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Where to Kiteboard on Nantucket

 

Where to Kiteboard on Nantucket

We’ve broken Nantucket into three zones: The North Side, The South Side, and The Harbor. For north facing winds, expect to ride The North Shore and limited spots within The Harbor. When there are south facing winds, you'll most likely de riding The South Shore and many spots within The Harbor. We don’t recommend riding Great Point or any of the East facing beaches as that is where the Man in the Grey Suit tends to abide!

 

 

Defined as everything including and west of Jetties Beach.

Note: We do not recommend riding any north facing shores that are east of the entrance to Nantucket Harbor.

Defined as everything including and west of Jetties Beach.

Overview — Jetties Beach is the perfect spot for your first oceanside session. Located at the end of Bathing Beach Rd., past Sandbar Restaurant, you'll find a small beach protected by the seawall that forms the westernmost entrance to Nantucket Harbor. It is a great spot to twin tip, jump, ride foil, and ride small waves near the entrance to the harbor channel.

Restrictions — Jetties should not be ridden during peak season months when lifeguards are in their chairs. You'll also want to keep an eye out for any ropes marking bird closure zones, as it is prohibited to ride in those areas. During off-seasons, you can drive onto parts of the beach as well.

Rideable Wind Directions — Jetties Beach comes alive in north facing winds that are predominantly northeast, but it is also rideable in a northwest breeze. Look for wind to be in the high teens at a minimum. As the breeze turns further east, the water becomes flatter thanks to protection from the jetty.

Hazards — Jetties is a relatively small launch area with dunes downwind to be wary of, as well as other beachgoers. If you feel yourself getting pulled away from the launch area, go back to shore and walk back upwind. Make sure to stay away from the jetty too as it is extremely uncomfortable to come in contact with!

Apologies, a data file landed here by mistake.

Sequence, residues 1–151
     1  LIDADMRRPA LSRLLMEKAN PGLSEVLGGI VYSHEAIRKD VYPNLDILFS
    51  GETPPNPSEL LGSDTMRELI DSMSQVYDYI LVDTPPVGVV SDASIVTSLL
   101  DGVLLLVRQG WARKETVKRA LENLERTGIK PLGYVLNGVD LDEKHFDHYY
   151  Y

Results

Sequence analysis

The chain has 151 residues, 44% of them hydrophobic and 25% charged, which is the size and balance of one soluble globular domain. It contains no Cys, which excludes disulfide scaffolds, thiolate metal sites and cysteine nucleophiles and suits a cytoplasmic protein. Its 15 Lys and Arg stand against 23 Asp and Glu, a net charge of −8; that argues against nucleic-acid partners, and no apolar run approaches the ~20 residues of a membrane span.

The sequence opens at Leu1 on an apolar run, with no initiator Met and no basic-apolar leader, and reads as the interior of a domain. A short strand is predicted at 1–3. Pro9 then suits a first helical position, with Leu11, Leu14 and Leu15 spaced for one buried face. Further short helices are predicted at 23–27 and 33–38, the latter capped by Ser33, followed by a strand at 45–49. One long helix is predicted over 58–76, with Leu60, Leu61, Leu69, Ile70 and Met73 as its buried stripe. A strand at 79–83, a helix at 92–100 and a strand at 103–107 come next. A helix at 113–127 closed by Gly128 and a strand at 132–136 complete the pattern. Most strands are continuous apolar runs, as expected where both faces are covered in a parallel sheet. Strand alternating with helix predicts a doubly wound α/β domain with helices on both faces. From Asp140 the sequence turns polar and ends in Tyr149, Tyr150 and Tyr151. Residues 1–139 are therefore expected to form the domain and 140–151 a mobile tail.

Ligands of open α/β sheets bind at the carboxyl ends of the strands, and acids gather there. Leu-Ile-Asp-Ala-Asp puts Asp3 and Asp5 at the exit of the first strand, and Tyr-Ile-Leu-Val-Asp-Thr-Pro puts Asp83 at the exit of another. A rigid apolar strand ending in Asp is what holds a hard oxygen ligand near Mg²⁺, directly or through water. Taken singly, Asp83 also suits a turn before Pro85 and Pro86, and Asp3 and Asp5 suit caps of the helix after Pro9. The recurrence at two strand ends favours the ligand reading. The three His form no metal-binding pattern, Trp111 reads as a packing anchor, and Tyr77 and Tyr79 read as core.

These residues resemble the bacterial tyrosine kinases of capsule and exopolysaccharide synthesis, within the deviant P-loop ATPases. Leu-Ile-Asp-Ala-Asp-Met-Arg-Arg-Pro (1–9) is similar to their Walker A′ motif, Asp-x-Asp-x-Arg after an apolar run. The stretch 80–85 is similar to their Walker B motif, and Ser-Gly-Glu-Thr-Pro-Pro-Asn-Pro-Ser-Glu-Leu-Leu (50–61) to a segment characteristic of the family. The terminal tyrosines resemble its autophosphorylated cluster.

Overview — Head west of Jetties, and you will find Water Tower Beach (also known as Washing Pond Beach) at the end of Washing Pond Road. It has many of the same qualities as Jetties Beach, but a less defined sandbar and no protection from the jetty seawall. This is a great spot to ride a twin tip or surfboard, ride chop, and jump small waves. Water Tower Beach is also a good place to escape crowds.

Restrictions — Water Tower is not as busy as other beaches in the summer, nor does it have lifeguards actively patrolling. While you cannot park directly on the beach, it is just a short walk from the parking area. If you go to kite, still be sure to stay away from any other people.

Rideable Wind Directions — Like Jetties, Water Tower requires a breeze with north in it. Too far east or too far west and it becomes extremely gusty and inconsistent. Straight north makes it difficult to get offshore.

Hazards — Water Tower has a limited launch area depending on the tide and dunes that will be directly downwind of you. Be wary of updrafts due to the dunes, as well as of other beachgoers (who do tend to thin out earlier and later in the day).

Overview — Located on the northwest corner of Nantucket, Eel Point Beach is located at the bitter end of Eel Point Road and requires an off-road vehicle to get to. It marks the westernmost end of Nantucket, is isolated, and has small waves and chop to ride. While it is not generally a go-to place to ride, it can be fun to park cars there to end a downwinder.

Restrictions — Eel Point Beach is not patrolled by lifeguards. You must have a capable 4WD vehicle and a valid beach permit from the town in order to access it. This beach also a prime breeding area for shorebirds, and is closed to kiters for much of the summer season.

Rideable Wind Directions — To ride here, you'll want north facing, strong winds. It can handle a bit more east in it as the point sticks out but tends to become gusty and inconsistent with too much East (You’d be better to go ride Pocomo).

Hazards — The waters off Eel Point tend to be shallow and have extremely strong currents. Be careful of getting blown too far west from the beach — if you go too far downwind, the next stop is Martha’s Vineyard!

The South Side of Nantucket is home to incredible downwinders, pumping waves, and massive slicks for flatwater riding. It comes alive during the offseason in the spring, fall, and winter when the big crowds leave. You'll find xyz beaches along this part of the island or xyz beaches make up Nantucket's south side.